From NBC's Mike Viqueira
House Speaker Nancy Pelosi says that the House would have a tough time passing an immigration measure should the Senate fail to do so. As it stands right now, the House is scheduled to begin its own immigration debate in July, assuming that the Senate does in fact pass something. Senate leaders have set a goal of finishing their version of the measure by the end of next week -- though many are skeptical about the chances of getting it done that quickly, considering the many amendments and hurdles that remain.
Pelosi says House Democrats are likely to take a different tack on the issue of family unification, or "chain" migration. The base Senate bill de-emphasizes familial ties as a basis for admittance into the country, establishing a point system that takes into account levels of education and other criteria instead. This week the Senate will tackle several attempts to weaken or kill that provision authored by Sen. Bob Menendez (D), with Barack Obama as a co-sponsor.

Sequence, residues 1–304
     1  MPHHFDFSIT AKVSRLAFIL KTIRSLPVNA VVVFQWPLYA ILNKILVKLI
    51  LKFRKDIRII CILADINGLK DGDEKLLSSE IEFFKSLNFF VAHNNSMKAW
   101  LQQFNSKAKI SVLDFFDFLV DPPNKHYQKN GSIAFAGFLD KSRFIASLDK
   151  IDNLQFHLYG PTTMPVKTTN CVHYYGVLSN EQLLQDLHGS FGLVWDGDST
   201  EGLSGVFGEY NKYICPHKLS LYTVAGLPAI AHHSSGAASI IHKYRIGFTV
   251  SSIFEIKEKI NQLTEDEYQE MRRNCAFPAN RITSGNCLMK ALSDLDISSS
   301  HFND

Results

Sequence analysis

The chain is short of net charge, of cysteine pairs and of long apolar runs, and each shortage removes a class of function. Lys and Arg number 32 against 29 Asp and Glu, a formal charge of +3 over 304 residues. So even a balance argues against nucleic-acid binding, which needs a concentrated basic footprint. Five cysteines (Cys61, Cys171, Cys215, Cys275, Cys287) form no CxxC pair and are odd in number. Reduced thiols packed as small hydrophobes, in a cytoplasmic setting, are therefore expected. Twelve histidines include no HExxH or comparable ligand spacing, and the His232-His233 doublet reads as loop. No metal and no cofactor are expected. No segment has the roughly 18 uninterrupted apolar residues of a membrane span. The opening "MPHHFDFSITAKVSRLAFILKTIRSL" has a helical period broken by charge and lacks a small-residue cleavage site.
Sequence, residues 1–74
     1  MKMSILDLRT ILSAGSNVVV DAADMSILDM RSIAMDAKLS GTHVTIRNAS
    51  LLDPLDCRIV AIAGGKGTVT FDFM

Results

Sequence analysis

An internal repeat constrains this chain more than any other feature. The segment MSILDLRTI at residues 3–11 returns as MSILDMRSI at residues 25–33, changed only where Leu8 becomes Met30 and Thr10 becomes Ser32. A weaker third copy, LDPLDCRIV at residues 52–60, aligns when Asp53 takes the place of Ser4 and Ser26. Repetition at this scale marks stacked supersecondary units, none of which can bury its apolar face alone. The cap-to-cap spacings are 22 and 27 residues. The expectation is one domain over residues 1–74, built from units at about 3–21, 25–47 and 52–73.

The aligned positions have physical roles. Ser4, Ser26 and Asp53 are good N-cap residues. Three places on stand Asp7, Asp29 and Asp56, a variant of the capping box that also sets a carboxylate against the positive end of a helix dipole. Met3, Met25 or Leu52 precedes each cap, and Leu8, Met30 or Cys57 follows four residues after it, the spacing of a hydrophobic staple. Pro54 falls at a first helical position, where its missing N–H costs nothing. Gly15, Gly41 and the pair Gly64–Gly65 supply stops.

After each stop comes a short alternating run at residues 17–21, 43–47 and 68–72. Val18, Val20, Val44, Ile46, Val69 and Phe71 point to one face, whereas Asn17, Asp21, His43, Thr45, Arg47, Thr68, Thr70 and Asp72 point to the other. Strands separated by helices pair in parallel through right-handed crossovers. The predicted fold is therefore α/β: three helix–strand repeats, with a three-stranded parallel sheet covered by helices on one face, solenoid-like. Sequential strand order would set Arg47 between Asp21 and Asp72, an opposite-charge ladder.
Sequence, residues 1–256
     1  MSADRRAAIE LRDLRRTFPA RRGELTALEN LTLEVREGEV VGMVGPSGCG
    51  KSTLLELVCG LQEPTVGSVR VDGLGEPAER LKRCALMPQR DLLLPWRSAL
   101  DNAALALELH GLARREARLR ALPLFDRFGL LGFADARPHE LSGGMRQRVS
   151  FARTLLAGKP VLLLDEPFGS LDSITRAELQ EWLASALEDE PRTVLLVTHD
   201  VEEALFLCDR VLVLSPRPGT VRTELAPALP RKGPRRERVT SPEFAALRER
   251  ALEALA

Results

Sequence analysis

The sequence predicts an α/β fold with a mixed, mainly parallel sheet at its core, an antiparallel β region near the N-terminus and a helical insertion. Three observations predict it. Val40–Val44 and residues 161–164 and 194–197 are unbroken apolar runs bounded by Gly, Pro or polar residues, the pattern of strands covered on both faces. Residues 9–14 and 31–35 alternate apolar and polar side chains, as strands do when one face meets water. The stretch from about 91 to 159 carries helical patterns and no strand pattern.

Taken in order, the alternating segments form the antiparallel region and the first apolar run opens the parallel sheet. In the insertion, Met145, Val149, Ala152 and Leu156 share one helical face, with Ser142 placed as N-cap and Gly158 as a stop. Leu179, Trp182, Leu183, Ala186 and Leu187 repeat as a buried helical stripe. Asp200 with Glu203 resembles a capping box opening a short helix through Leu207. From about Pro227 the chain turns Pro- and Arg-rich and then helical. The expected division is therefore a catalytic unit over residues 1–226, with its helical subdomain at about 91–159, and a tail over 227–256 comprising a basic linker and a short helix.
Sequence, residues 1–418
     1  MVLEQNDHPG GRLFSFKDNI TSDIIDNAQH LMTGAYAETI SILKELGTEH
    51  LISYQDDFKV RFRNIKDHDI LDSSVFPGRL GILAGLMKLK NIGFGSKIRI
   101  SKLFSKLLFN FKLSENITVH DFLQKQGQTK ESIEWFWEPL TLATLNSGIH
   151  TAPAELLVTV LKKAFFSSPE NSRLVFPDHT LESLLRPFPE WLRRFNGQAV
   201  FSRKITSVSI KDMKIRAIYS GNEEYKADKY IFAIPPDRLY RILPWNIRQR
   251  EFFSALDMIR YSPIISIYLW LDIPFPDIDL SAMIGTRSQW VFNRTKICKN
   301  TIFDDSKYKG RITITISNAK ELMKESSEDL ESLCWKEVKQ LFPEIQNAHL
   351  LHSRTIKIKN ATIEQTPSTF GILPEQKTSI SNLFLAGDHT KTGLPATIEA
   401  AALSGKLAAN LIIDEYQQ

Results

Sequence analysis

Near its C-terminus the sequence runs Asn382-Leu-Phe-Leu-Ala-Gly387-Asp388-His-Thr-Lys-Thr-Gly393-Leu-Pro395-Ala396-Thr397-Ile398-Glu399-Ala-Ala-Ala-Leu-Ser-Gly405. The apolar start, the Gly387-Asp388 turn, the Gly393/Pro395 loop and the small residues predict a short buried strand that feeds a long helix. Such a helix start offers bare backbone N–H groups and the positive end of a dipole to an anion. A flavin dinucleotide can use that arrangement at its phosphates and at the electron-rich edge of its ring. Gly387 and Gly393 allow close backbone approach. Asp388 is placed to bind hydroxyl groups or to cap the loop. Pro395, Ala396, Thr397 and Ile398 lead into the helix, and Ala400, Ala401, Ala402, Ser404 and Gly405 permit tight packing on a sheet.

Pelosi also says that the guest-worker program will be a target of Democratic interest in the House. Many Democrats feel that the program would "undermine the wage scale" for American workers, she says. Pelosi called for the president to continue to speak out on the issue. Ironically, it was President Bush's comments on immigration earlier this week in Georgia that have angered conservatives and led Republican supporters of the Senate's "grand bargain" to wish the president would tone it down. "The president is stirring it up," said one top GOP aide. "It's not the smartest move."